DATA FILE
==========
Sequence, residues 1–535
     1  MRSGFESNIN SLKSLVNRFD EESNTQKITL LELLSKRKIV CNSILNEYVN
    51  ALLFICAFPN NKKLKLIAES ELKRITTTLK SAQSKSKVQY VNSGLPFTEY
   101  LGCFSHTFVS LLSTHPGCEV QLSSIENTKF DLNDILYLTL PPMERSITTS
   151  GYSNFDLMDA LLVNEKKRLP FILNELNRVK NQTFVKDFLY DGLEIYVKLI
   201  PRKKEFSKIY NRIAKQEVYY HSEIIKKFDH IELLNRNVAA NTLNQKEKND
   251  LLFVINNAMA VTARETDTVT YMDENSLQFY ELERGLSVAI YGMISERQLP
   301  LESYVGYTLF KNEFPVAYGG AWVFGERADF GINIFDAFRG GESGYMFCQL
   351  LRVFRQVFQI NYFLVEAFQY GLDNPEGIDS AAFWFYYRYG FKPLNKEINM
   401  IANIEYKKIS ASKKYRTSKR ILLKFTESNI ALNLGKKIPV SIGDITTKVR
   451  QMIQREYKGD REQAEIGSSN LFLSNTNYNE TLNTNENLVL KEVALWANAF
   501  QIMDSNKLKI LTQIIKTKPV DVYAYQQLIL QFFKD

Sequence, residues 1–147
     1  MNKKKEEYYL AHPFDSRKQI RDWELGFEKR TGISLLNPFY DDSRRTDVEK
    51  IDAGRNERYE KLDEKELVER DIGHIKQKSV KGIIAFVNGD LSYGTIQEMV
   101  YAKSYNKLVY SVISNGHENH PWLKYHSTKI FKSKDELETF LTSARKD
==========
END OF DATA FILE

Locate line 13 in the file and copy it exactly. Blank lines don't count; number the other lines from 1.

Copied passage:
Sequence, residues 1–147